Cancer survivor Gonzalez closing in on seventh meet title at Laurel

Cancer survivor Gonzalez closing in on seventh meet title at Laurel
Photo: Maryland Jockey Club

In just his sixth full season of training Thoroughbreds, Claudio Gonzalez never envisioned having the kind of success that has resulted his emergence as a dominant force in Maryland and has him a weekend away from formally claiming his fourth title in the last five Maryland Jockey Club meets.


Gonzalez, 41, enters the final three days of Laurel Park’s summer meet with 23 wins, nearly double that of Kieron Magee and Hamilton Smith, tied for second at 12 apiece. Gonzalez is also tops at the 40-day stand that wraps up Sunday with purse earnings of $504,273.


Soft-spoken, easy-going and always smiling, Gonzalez isn’t one to take his success for granted. Long before he ever won a race, he was already a winner at much higher stakes – beating cancer.


“For sure, it makes you appreciate what you have,” Gonzalez said. “You’re always working hard. This job is not easy, and every day is a new day. One day you might win three races, the next day you might not win any. You don’t know. You have to keep working hard every day.”


A native of Chile, Gonzalez was married with two young children and working as an exercise rider for trainer Ben Perkins Jr. at Monmouth Park when he was diagnosed with testicular cancer in 2008. He had surgery to remove a testicle and underwent chemotherapy, leaving him unable to work for six months.


“It was a shock when I went into the doctor and he told me it was cancer. When they say cancer, you think ‘Oh no, I’m going to die,’” Gonzalez said. “Right away, I said that when I was finished with the chemo I was going to be OK. I put it in my mind. I told my kids and my wife that I was going to be OK. I didn’t know if I was, but I had it in my mind I was going to be OK … and that’s what happened.”


In addition to the support he received from family and friends, Gonzalez is especially grateful for the compassion shown him by Perkins, who allowed Gonzalez to focus on his treatment and convalescence.


“At the time I was sick ... Ben told me, ‘No matter what, we’ll take care of you.’ He paid me every single week when I was out. There’s not too many people that would do that,” Gonzalez said. “He was there for me when I needed somebody. I owe my life, really, to Benny Perkins. If it wasn’t for him, I’m not here.”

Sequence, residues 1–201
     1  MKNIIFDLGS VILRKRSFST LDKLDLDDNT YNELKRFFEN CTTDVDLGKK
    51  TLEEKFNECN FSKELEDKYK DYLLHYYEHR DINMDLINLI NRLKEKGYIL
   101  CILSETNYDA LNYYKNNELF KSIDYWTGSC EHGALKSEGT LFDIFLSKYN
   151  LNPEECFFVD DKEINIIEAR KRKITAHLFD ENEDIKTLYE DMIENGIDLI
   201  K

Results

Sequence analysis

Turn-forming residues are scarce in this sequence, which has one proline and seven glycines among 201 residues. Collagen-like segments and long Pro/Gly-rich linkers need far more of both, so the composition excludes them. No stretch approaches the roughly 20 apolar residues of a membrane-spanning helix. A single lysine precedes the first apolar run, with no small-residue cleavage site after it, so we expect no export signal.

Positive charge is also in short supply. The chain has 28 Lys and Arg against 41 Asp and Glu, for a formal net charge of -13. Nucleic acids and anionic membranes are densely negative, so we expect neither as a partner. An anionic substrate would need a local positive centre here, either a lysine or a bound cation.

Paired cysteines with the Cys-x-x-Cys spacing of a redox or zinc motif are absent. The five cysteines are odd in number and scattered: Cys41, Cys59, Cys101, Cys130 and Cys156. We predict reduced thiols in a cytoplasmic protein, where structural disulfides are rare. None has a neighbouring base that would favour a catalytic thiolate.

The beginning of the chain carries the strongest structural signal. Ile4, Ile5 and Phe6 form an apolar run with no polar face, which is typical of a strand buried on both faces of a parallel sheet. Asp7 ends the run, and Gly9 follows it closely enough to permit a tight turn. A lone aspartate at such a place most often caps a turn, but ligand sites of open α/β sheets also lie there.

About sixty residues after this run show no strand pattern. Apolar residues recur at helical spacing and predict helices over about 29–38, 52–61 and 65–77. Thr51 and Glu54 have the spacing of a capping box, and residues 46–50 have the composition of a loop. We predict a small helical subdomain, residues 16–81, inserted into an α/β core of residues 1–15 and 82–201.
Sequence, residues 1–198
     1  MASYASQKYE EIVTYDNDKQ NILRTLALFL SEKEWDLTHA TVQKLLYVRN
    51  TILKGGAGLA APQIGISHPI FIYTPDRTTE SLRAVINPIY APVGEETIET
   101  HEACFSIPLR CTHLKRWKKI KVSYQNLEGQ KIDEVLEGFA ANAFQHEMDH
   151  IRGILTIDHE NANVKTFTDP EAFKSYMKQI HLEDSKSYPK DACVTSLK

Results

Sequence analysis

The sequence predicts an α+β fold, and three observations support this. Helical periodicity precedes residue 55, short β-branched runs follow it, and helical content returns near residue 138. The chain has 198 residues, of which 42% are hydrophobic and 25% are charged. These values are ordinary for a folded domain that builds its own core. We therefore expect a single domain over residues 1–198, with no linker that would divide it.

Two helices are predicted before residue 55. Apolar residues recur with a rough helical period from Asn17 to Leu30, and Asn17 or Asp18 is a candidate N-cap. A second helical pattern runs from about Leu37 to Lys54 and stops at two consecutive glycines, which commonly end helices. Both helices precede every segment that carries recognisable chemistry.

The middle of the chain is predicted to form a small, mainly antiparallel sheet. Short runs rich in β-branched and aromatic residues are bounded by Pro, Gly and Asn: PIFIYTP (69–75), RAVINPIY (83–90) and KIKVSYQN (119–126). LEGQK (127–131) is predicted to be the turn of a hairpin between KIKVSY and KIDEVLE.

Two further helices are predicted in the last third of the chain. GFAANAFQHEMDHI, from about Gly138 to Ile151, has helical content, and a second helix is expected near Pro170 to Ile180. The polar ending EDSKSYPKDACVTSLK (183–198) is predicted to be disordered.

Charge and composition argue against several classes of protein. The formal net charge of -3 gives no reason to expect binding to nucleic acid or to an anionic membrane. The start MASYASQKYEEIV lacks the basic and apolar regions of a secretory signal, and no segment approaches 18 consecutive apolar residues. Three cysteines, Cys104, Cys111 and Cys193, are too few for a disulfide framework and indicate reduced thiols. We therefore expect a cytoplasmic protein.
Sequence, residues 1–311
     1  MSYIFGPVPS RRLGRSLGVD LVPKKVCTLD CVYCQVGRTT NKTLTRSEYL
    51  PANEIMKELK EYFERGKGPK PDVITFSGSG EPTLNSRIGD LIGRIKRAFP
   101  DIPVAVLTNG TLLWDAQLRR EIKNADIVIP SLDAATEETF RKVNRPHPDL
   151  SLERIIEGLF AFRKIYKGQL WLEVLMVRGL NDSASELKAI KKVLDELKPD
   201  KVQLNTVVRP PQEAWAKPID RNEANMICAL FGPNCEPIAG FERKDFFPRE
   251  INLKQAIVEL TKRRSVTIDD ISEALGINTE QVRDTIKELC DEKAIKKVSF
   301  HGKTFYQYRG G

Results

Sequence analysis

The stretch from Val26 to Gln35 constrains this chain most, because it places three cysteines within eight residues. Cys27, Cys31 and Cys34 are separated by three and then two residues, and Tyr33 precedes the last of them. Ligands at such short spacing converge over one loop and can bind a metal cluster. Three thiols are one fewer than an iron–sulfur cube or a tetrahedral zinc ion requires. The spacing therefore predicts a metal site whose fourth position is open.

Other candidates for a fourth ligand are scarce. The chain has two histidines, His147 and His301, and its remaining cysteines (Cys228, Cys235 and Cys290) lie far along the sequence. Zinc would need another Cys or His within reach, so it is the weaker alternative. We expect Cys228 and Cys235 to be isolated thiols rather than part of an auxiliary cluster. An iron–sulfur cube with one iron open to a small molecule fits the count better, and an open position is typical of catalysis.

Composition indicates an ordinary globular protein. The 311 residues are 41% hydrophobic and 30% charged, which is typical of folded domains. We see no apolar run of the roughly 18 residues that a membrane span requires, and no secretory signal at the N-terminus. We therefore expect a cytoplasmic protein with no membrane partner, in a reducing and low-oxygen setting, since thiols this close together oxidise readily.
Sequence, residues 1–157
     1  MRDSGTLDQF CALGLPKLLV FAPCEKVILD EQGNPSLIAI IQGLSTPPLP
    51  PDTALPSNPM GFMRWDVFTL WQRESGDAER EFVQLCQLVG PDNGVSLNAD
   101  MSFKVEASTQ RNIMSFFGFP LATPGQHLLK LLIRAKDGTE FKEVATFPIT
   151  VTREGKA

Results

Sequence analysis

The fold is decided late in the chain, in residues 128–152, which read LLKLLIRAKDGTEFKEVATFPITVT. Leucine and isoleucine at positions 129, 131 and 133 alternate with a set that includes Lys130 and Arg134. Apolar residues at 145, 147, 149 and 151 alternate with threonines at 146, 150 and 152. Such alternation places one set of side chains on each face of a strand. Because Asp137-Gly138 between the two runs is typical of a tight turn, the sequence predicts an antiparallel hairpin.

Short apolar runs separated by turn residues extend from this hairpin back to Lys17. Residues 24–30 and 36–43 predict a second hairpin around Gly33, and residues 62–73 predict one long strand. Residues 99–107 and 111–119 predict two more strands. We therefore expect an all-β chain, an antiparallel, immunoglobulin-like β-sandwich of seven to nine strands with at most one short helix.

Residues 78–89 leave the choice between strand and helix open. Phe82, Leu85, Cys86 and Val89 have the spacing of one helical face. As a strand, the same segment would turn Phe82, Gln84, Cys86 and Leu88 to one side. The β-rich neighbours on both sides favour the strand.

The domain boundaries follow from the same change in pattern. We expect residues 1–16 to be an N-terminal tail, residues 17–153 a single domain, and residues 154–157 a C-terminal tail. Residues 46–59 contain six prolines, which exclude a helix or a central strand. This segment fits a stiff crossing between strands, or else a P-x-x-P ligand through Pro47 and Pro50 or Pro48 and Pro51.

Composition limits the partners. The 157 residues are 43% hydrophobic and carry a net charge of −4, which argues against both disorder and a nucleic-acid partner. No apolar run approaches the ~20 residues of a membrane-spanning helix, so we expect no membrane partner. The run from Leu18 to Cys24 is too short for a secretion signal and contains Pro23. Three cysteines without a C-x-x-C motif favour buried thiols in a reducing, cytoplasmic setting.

Perkins, a multiple graded-stakes winner in Maryland including the Frank J. De Francis Memorial Dash in 2001 and 2004 when it was a Grade 1 event, said there was never a hesitation from he or his clients that they would step in to help Gonzalez.


“A lot of my owners are hands-on guys and they’re around the barn. A lot of them are people that had been with us for a while,” Perkins said. “They knew what Claudio was putting into the operation and they were all willing to help out when he needed help. It was a full group thing.


“Everybody pitched in,” he added. “The guys knew him and they knew the kind of person he was. He’s a good family man. He’s got a great wife and kids, and everybody was glad to help.”


For Gonzalez, it was the second time he had beaten the odds. The first came when he arrived in the U.S. in November 1995, a teenager without a job and hardly able to speak the language. He eventually found work galloping for Juan Serey, a fellow Chilean and the leading trainer in New Jersey at the time.


“Nobody in my family had anything to do with the horses. Only my uncle, who liked to bet the horses and would take me with him,” Gonzalez said. “When I saw the horses I decided I wanted to be a jockey. I started out trying to be a jockey, but I got too big. I ate too much.


“My father [Francisco] was in New York and brought me here. I went to see Juan at that time and he gave me the chance to gallop for him,” he added. “Because Juan is from Chile, too, people told me about him and I just went to him and asked if he had a job.”


Gonzalez stayed with Serey until 2002 and had a short stint under trainer Gary Contessa before landing with Perkins. Among the top horses that came along during their time together were multiple graded-stakes winners Wildcat Heir and Wild Gams, Grade 3 winner Max Forever and popular local 12-time stakes-winning millionaire Joey P.